The Adventures of Huckleberry Finn By Mark Twain Chapters 25-26

"It don't make no difference what he SAID — that ain't the thing. The thing is for you to treat him KIND, and not be saying things to make him remember he ain't in his own country and amongst his own folks."

I says to myself, THIS is a girl that I'm letting that old reptle rob her of her money!

Then Susan SHE waltzed in; and if you'll believe me, she did give Hare-lip hark from the tomb!

Says I to myself, and this is ANOTHER one that I'm letting him rob her of her money!

Then Mary Jane she took another inning, and went in sweet and lovely again — which was her way; but when she got done there warn't hardly anything left o' poor Hare-lip. So she hollered.

"All right, then," says the other girls; "you just ask his pardon."

She done it, too; and she done it beautiful. She done it so beautiful it was good to hear; and I wished I could tell her a thousand lies, so she could do it again.

I says to myself, this is ANOTHER one that I'm letting him rob her of her money. And when she got through they all jest laid theirselves out to make me feel at home and know I was amongst friends. I felt so ornery and low down and mean that I says to myself, my mind's made up; I'll hive that money for them or bust.

So then I lit out — for bed, I said, meaning some time or another. When I got by myself I went to thinking the thing over. I says to myself, shall I go to that doctor, private, and blow on these frauds? No — that won't do. He might tell who told him; then the king and the duke would make it warm for me. Shall I go, private, and tell Mary Jane? No — I dasn't do it. Her face would give them a hint, sure; they've got the money, and they'd slide right out and get away with it. If she was to fetch in help I'd get mixed up in the business before it was done with, I judge. No; there ain't no good way but one. I got to steal that money, somehow; and I got to steal it some way that they won't suspicion that I done it. They've got a good thing here, and they ain't a-going to leave till they've played this family and this town for all they're worth, so I'll find a chance time enough. I'll steal it and hide it; and by and by, when I'm away down the river, I'll write a letter and tell Mary Jane where it's hid. But I better hive it tonight if I can, because the doctor maybe hasn't let up as much as he lets on he has; he might scare them out of here yet.

So, thinks I, I'll go and search them rooms. Upstairs the hall was dark, but I found the duke's room, and started to paw around it with my hands; but I recollected it wouldn't be much like the king to let anybody else take care of that money but his own self; so then I went to his room and begun to paw around there. But I see I couldn't do nothing without a candle, and I dasn't light one, of course. So I judged I'd got to do the other thing — lay for them and eavesdrop. About that time I hears their footsteps coming, and was going to skip under the bed; I reached for it, but it wasn't where I thought it would be; but I touched the curtain that hid Mary Jane's frocks, so I jumped in behind that and snuggled in amongst the gowns, and stood there perfectly still.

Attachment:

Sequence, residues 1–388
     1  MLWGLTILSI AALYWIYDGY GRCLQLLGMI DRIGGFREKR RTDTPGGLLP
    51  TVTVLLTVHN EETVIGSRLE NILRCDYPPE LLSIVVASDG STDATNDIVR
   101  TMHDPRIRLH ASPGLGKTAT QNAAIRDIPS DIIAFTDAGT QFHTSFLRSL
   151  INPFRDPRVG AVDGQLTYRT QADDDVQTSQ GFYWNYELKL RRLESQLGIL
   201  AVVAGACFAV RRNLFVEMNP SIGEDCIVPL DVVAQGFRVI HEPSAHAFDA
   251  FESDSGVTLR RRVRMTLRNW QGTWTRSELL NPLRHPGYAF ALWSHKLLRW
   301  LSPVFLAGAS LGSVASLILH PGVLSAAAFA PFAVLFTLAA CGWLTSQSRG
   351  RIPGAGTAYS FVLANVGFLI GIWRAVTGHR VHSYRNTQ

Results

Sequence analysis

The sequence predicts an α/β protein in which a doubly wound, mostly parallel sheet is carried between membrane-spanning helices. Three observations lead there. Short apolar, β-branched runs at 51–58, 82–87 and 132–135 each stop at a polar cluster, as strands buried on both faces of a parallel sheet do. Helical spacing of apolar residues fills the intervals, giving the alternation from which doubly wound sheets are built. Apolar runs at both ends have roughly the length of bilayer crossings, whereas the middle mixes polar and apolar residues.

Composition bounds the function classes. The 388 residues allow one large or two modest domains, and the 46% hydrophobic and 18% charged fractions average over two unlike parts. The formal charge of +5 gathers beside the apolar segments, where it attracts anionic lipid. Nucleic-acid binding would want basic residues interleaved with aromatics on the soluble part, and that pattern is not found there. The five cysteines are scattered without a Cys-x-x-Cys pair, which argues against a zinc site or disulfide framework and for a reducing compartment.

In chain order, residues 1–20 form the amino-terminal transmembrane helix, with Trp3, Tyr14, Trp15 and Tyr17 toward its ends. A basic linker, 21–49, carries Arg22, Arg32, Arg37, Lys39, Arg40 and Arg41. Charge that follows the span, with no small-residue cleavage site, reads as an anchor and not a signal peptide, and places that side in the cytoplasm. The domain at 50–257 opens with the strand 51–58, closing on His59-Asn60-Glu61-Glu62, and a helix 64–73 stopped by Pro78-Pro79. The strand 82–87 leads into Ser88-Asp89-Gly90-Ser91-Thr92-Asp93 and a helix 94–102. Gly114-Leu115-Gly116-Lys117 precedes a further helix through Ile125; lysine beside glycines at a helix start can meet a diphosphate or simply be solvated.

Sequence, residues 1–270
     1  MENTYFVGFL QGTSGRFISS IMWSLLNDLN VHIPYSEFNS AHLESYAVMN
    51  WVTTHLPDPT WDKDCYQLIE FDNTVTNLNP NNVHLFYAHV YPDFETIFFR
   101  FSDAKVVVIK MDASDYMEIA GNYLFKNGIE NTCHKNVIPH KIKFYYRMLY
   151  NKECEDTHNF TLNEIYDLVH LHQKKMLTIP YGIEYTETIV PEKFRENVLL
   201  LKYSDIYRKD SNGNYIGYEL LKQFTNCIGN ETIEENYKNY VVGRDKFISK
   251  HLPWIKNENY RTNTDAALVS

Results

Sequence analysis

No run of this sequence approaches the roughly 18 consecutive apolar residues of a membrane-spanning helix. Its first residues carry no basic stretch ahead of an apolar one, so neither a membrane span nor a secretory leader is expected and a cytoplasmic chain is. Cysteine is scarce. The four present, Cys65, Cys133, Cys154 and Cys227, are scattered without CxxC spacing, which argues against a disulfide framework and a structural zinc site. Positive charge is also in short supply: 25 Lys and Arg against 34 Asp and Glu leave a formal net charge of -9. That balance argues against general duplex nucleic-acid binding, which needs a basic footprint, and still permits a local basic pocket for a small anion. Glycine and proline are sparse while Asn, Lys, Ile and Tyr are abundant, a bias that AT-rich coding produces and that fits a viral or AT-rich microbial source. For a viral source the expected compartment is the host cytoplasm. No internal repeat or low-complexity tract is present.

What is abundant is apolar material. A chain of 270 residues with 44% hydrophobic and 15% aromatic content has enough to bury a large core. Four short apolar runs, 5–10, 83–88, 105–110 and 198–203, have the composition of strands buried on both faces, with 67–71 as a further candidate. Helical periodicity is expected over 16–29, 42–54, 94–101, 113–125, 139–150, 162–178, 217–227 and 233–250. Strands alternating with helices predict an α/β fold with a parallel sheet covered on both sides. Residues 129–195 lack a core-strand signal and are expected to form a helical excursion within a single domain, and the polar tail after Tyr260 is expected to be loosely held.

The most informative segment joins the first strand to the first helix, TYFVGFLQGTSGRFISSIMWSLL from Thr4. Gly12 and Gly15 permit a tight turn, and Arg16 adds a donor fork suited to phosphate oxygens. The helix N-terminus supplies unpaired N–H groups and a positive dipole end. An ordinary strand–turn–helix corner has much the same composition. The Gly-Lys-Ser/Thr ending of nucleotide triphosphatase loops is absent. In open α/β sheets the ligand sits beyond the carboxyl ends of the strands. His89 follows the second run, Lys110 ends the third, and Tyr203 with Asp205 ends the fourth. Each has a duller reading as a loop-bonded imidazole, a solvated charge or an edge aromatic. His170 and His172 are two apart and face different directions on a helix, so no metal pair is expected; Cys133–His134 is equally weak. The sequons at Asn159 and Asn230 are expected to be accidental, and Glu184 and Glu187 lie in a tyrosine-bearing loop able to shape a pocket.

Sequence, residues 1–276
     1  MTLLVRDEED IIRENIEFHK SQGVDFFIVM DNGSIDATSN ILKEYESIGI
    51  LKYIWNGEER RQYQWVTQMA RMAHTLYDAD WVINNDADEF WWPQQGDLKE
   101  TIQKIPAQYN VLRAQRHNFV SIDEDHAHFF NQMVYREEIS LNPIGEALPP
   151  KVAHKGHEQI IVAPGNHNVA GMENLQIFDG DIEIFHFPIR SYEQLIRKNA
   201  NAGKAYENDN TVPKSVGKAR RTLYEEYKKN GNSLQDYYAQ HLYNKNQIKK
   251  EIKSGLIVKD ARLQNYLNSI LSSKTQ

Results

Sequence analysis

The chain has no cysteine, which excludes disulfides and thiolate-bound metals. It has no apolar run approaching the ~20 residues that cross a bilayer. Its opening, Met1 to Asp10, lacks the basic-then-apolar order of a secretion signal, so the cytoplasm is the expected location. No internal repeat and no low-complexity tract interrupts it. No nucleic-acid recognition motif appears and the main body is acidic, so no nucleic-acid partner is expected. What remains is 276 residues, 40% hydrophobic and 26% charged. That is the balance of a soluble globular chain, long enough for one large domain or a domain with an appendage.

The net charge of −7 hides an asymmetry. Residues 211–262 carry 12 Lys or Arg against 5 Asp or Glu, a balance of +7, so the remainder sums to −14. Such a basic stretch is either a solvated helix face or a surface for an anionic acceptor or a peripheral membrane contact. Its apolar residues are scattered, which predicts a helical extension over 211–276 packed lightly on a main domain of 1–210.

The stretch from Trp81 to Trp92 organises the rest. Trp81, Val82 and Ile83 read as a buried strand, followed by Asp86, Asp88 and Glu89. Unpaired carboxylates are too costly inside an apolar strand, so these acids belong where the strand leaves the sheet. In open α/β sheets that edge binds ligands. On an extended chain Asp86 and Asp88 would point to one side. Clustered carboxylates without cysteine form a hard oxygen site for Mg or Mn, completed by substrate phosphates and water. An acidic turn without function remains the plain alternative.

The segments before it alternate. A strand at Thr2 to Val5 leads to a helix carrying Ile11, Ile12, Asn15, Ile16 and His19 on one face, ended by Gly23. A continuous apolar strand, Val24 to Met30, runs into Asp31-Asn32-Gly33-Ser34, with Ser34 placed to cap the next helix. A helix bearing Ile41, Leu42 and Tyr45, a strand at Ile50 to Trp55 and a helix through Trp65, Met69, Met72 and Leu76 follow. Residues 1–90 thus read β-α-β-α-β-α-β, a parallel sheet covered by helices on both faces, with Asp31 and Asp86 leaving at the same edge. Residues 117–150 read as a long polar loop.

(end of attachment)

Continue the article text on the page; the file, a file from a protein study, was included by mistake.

They come in and shut the door; and the first thing the duke done was to get down and look under the bed. Then I was glad I hadn't found the bed when I wanted it. And yet, you know, it's kind of natural to hide under the bed when you are up to anything private. They sets down then, and the king says:

"Well, what is it? And cut it middlin' short, because it's better for us to be down there a-whoopin' up the mournin' than up here givin' 'em a chance to talk us over."

"Well, this is it, Capet. I ain't easy; I ain't comfortable. That doctor lays on my mind. I wanted to know your plans. I've got a notion, and I think it's a sound one."

"What is it, duke?"

"That we better glide out of this before three in the morning, and clip it down the river with what we've got. Specially, seeing we got it so easy — GIVEN back to us, flung at our heads, as you may say, when of course we allowed to have to steal it back. I'm for knocking off and lighting out."

That made me feel pretty bad. About an hour or two ago it would a been a little different, but now it made me feel bad and disappointed, The king rips out and says:

"What! And not sell out the rest o' the property? March off like a passel of fools and leave eight or nine thous'n' dollars' worth o' property layin' around jest sufferin' to be scooped in? — and all good, salable stuff, too."

The duke he grumbled; said the bag of gold was enough, and he didn't want to go no deeper — didn't want to rob a lot of orphans of EVERYTHING they had.

Continued on next page...

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